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SPEAKERS:CHIAKI ASAI (SENRI KINRAN UNIVERSITY, OSAKA);ROBERTO BERTONI (SLLCS, TCD);LORNA CARSON (TRINITY CENTRE FOR ASIAN STUDIES);DECLAN COOGAN (GLOBAL RELATIONS OFFICE, TCD);ENRICA MARIA FERRARA (SLLCS, TCD);GIULIA IANNUZZI (TRIESTE UNIVERSITY);RENATA SPERANDIO (ITALIAN CULTURAL INSTITUTE, DUBLIN)GENERAL DESCRIPTIONAspects of science fiction since the 1980s: China, Italy, Japan, Korea is a research project on science fiction in East Asia and in the West. It involves essays on cultural studies, literary criticism, creative writing, and translation. The project originated in Ireland in 2014, was created and co-ordinated by Roberto Bertoni, and included the participation of colleagues from China, Italy, Japan, and Korea. This led to the publication of three volumes, a conference, and two book launches (one in Ireland and one in Italy). One volume, published in 2015 by Trauben (Turin) and the Italian Department at Trinity College Dublin, has the same title as the whole project, and includes essays, interviews, and short stories, by Lorenzo Andolfatto, Chiaki Asai, Roberto Bertoni, Chen Qiufan, Giulia Iannuzzi, Ilgu Kim, Massimo Soumaré, and Wang Yao. A second volume, published in Italy by Trauben (Turin) in 2015, is Roberto Bertoni’s Two stories from Parlomino (translated from Italian into English by Maria Tirelli). A one-day conference, held at Hannam University (Daejeon, South Korea), was co-ordinated by Ilgu Kim. The Proceedings were published by Hannam University (2014) under the title East/West Science Fiction.The Western/Asian project does not intend to study the problem expressed in its title in a systematic way, yet it is hoped that it may contribute to the general picture.Warm thanks go to all authors and to all who participated in the research, as well as to Trinity College Officers Olivia Waters (International Marketing Manager) and Jenny Lu (Country Advisor for China) for their help in contacting Chinese writers.SUMMARY OF BOOK CHAPTERSIn addition to two short stories (by Chen Qiufan and Wang Yao) the book entitled Aspects of science fiction since the 1980s: China, Italy, Japan, Korea includes the following chapters:1. Chiaki Asai, “Social concerns expressed in science fiction works by Japanese writer Sayuri Ueda”, discusses the author’s social concerns and the way in which they might be relevant both to Japan and Europe. One of Ueda’s major themes is the transformation of the human body as we can see in a number of her books, for example Mars Dark Ballade and The Cage of Zeus. Discrimination due to gender and sexuality is also an important concern along with environmental preoccupations. All of these motifs, as well as relativity of human-centred presuppositions, appear clearly in The Ocean Chronicles, set in a future society in which, due to catastrophe, living creatures have been transformed to suit the new environment. Technology and time travel characterize some other works by Ueda.2. Roberto Bertoni, “Eastern and Western Interactions in Some Italian, Japanese and Korean Science Fiction Works”, examines what Coletti calls the “world novel” in relation to intercultural themes belonging in Asian and Italian literature. Some Italian mainstream authors used science fiction and were positively conversant with Asian models. This is the case with Bonaviri’s Il dormiveglia and Benni’s Terra!. In turn, in East-Asia, Eastern and Western elements were integrated in texts such as Murakami’s 1984. Visual works inspired by science fiction also present hybridization – the two examples considered are Oshii’s animated film Sky Crawlers, and Shin’s television serial Rooftop Prince.3. Ilgu Kim, “Alternative Reality in Some Texts by Korean Writer Bok Geo-Il within the Context of Western and Eastern Science Fiction”, focuses on the theme of travel through time and construction of alternative reality by analysing first Philip K. Dick’s The Man in the High Castle in comparison and contrast with some Japanese and Korean stories based on the concepts of Eastern mutability and Western determinism. The central text examined is Bok’s In Search of an Epitaph, in which a continuation of Japan’s colonization of Korea is imagined. According to Kim’s essay, works such as these show to what extent confidence has been lost in the accessibility of history in post-modern society, but the true value of Bok’s work is a critique of self-aggrandizing.4. Wang Yao, “National Study in the Era of Globalization: Chinese Science Fiction and Its Cultural Politics since the 1990s”, is a study of modern Chinese science fiction as a committed literary genre which presents itself as allegory of what she terms as “China Dream” in its utopian as well as contradictory aspects. In the period since the 1990s Chinese science fiction might be seen as a national allegory in the age of3globalization. Particularly prominent are the authors belonging in a group called “Cenozoic Era”, sub-divided into three sub-groups – i. dystopian writers; ii. He Xi, Liu Cixin and Wang Jinkang who established literary criteria for science fiction; and iii. Han Song and others who mostly employ political irony and dark imagery.5. Giulia Iannuzzi, “The Translation of East Asian Science Fiction in Italy: An Essay on Chinese and Japanese Science Fiction, Anthological Practices and Publishing Strategies beyond the Anglo-American Canon”, takes issue with the fact that science fiction is par excellence a genre suitable to study trans-national literature, as recent anthologies of both global and national science fiction show. She reconstructs the story of the translation of Chinese and Japanese science fiction in Italy in terms of interest in non-hegemonic and non-Anglo-American varieties of writing that are, however, connected to Western stories both in terms of models and as stimulation for further Western work. She also interviewed Lorenzo Andolfatto and Massimo Soumaré, who are two of the main translators respectively from Chinese and Japanese into Italian.BIOGRAPHIESChiaki Asai is an English professor at Senri Kinran University in Osaka, Japan. She has published articles extensively on English and American authors with ecocritical themes, as well as on some contemporary Japanese authors. She has contributed literary essays to several books, and is currently working on a monograph about literary aspects of Rachel Carson’s three books that revolve around the sea.Roberto Bertoni, Associate Professor of Italian, and Fellow of Trinity College Dublin, has done research on Italian and intercultural East Asian/Italian topics. Personal site, including also a list of publications and the full texts of a number of books and articles he wrote and/or edited: He founded the online journal Carte allineate ( His last collection of short stories is Altrove (Manni, 2014).Lorna Carson is Director of the Centre for Asian Studies, Assistant Professor in Applied Linguistics, and Fellow of Trinity College Dublin. Her research, which resulted in numerous publications, focuses on multilingualism, population diversity and language learning, with a particular emphasis on urban multilingualism. She is the current President of the Irish Association for Applied Linguistics (IRAAL).Declan Coogan has a degree from Trinity College Dublin and a Masters in International Trade Management from Santiago de Compostela University. He was Director of International Marketing and head of the MSc in International Business in Portobello College. He managed European Recruitment and Admissions at Dublin Business School. He now manages TCD international recruitment strategy, and is responsible for both the Regional Officers and Country Advisors.Enrica Maria Ferrara is Adjunct Assistant Professor of Italian at Trinity College Dublin. She has written two monographs on Italo Calvino. A third monograph, entitled Il realismo teatrale nella narrativa del Novecento: Vittorini, Pasolini, Calvino, was published by Firenze University Press in 2014. She is now editing a collection of essays on the intersection of narrative and theatrical discourses and working on several other projects, including Posthuman topics.Giulia Iannuzzi is honorary Fellow in Literary Criticism and Comparative Literature at Trieste University. Her main research interests are science fiction; cultural relationships between the USA and Italy; history of publishing houses; new media; ecocriticism. Among her books are: Fantascienza italiana. Riviste, autori, dibattiti, dagli anni Cinquanta agli anni Settanta (2014); and Distopie, viaggi spaziali, allucinazioni. Fantascienza italiana contemporanea (2015). Web: Sperandio has been Director of the Istituto Italiano di Cultura of Dublin since March 2015. Her previous postings include the Istituto Italiano di Cultura of New York and the Istituto Italiano di Cultura of Hamburg. She started reading science fiction when she was 13 (Ray Bradbury and Fred Hoyle) and has never really stopped.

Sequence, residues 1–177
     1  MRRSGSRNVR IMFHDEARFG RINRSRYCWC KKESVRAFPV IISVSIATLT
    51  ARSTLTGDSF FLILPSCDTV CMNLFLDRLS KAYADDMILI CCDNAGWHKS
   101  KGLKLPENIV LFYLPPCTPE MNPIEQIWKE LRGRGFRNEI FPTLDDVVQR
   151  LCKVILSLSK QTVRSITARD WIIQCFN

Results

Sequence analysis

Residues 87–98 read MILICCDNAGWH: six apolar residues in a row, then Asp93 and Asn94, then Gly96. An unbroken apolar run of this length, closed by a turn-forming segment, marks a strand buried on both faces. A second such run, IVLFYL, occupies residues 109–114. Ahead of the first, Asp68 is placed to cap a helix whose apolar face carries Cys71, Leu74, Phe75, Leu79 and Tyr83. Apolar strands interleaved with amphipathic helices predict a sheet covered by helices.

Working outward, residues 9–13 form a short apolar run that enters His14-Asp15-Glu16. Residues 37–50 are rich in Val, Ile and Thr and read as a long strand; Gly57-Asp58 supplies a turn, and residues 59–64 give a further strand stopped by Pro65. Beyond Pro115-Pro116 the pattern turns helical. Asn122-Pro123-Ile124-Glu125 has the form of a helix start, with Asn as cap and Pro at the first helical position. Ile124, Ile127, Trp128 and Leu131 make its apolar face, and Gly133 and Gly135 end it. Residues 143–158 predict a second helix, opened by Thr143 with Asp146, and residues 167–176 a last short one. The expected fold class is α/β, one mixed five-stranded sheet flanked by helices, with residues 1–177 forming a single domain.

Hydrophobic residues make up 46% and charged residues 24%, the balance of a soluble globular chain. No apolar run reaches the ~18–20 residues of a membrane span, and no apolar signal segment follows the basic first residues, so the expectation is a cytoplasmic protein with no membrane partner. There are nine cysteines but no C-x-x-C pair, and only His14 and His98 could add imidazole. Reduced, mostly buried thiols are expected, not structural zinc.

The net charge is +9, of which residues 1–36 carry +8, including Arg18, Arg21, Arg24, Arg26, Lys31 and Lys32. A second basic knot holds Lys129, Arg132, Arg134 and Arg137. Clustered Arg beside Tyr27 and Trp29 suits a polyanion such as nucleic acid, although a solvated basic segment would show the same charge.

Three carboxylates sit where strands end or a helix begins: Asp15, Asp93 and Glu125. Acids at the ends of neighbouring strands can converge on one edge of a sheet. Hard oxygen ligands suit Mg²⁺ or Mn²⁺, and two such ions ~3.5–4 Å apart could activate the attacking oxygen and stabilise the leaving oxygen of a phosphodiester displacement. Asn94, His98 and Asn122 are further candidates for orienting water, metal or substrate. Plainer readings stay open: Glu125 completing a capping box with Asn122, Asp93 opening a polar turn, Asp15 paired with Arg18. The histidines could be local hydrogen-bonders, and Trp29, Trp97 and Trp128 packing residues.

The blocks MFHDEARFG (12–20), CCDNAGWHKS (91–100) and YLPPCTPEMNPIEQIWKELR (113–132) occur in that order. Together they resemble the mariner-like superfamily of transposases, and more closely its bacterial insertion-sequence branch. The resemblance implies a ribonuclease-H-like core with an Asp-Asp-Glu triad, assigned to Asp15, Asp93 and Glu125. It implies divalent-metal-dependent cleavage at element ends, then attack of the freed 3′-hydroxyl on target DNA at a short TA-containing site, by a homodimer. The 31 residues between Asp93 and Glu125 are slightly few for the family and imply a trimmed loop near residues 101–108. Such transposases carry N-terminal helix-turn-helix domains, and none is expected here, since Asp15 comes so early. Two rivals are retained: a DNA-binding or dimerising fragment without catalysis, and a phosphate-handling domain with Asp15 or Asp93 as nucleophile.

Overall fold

Data: Gio 10 Dic 2015

Ingresso : Libero